Woodward has big bull riding dreams

Jestyn Woodward is an 18-year-old bull rider from Custer who is competing on a large scale.
Woodward recently (Aug. 6) placed first, earning $2,428 and 87 points, at an Ashley, N.D., rodeo riding Mosbrucker’s bull House Cat.     
Woodward qualifies for a PRCA (Professional Rodeo Cowboys Association) card as he has won more than the required $1,200.
Yet, Woodward has chosen to remain on his bull-riding permit as an avid competitor, preparing until he feels “at a level to get to the NFR (National Finals Rodeo),” Woodward said.  
This August, Woodward rode bulls in eight other rodeos and placed fourth, fifth and sixth place in Douglas County, Dodge City and Mitchell, Neb. rodeos, respectively.
Woodward still lives in Custer but is rarely here because he’s traveling to compete in arenas from Texas to North Dakota.
Woodward said he has “driven almost 63,000 miles since February” in his converted-rooftop car.
Yet, Woodward said the local Black Hills Roundup, in Belle Fourche July 3 was his favorite rodeo so far.
That night, Woodward earned second place (82 points) and $5,386 on the back of Wolf Trap, a bull with a 67 percent buck-off average.
Riding bulls since about age 10, Woodward said his dad, Jacey, taught him “pretty much everything he knows.” Jacey Woodward rode professionally and won nationals as a high schooler.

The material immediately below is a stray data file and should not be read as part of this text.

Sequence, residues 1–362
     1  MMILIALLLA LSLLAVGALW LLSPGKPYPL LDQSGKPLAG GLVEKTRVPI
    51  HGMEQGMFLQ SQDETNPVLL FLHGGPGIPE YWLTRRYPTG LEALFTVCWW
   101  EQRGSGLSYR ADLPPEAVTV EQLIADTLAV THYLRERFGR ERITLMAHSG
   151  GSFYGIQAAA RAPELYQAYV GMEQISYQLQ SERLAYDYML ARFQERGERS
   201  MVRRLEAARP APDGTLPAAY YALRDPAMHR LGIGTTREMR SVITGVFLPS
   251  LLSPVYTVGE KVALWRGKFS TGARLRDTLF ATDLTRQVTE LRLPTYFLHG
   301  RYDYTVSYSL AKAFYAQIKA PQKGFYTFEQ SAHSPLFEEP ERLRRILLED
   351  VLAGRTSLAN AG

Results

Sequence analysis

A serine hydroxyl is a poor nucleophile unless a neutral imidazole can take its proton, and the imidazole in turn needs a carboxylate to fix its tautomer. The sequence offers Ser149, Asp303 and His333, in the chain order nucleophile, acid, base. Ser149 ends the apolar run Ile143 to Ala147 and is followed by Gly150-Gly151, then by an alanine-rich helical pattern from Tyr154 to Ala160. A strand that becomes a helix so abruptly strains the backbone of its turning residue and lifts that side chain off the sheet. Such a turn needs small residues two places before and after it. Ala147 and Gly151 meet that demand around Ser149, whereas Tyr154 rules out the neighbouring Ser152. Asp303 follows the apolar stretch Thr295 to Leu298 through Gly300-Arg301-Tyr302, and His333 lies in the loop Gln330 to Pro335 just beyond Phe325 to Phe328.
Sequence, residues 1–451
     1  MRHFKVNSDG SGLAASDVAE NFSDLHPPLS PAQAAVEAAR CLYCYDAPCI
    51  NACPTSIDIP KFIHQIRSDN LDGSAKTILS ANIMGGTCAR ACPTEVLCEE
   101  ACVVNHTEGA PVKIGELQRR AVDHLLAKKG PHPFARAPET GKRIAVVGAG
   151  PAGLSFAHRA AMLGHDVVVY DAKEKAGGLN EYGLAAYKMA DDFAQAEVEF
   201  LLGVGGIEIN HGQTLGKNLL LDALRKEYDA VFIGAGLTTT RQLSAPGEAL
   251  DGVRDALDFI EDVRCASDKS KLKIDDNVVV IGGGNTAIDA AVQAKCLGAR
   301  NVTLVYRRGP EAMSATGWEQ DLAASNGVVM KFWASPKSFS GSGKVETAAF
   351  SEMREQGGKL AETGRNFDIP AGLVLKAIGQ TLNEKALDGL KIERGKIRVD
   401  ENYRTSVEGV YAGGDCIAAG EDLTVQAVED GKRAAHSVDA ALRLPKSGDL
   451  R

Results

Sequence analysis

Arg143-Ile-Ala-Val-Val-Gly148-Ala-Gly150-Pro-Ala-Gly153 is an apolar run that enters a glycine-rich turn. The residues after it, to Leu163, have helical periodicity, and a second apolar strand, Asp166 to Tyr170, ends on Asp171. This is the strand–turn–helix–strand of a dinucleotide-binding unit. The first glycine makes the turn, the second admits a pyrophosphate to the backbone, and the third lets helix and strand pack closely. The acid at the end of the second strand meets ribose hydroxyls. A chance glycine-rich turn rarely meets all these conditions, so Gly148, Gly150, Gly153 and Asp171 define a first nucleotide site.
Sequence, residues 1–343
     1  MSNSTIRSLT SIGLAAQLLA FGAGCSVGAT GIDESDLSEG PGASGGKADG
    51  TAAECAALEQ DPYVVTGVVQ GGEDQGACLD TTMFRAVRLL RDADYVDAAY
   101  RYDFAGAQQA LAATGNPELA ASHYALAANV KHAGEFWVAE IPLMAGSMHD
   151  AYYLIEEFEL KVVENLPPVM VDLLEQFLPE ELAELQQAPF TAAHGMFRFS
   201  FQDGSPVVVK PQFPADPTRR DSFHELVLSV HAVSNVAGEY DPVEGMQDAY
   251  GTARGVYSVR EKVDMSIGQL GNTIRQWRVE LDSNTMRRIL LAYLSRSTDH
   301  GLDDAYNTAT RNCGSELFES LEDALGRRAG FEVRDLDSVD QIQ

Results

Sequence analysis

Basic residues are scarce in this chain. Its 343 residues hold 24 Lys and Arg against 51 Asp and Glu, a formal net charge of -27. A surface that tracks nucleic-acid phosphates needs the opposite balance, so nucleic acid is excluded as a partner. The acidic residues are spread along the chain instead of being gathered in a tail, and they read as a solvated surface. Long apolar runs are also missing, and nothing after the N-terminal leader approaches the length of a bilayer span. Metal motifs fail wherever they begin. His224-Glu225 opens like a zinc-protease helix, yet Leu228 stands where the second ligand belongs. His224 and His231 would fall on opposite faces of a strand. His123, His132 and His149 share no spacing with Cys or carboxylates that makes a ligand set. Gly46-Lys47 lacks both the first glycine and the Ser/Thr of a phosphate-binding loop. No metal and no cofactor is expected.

Jestyn Woodward said he has wanted to pursue a career in bull riding for as long as he can remember.
“When I was little, my dad, grandpa and I would watch rodeos. I’d see pictures of them riding bulls, too, and it just made me want to start,” Woodward said.
When asked about the mentality a bull rider needs, Woodward credited how wrestling in school taught him to have a good attitude, and “it made me mentally tough,” he said.
“When I do go through a streak where I get bucked off a bull a bunch, it doesn’t really bother me because I have a tougher mindset now,” Woodward said.
Woodward acknowledges the ups and downs of his difficult sport in noting the multiple bones he has broken so far in his career, and the torn shoulder he is still nursing from weeks ago.
Yet if thrown, Woodward is simply on his feet again and said the “only way to heal is time.”
Also on Woodward’s mind is his long-term future. He dreams of one day riding in the NFR and becoming a world champion.
Then after he retires from bull riding, Woodward said he wants to “be a stock contractor and have my own set of bulls that I haul around,” he said.
Additionally, Woodward wants to someday have a bull riding school where kids can learn and develop the sport’s required skills.
Until then, Woodward is making a career of his bull riding and his next steps are a continued function of his hard work.
Currently, Woodward’s main goal is to win the Badlands Circuit at the North Dakota State Fair this fall.
Woodward is on track to do just that, and you can find him on the back of a bull there Oct. 14-16.

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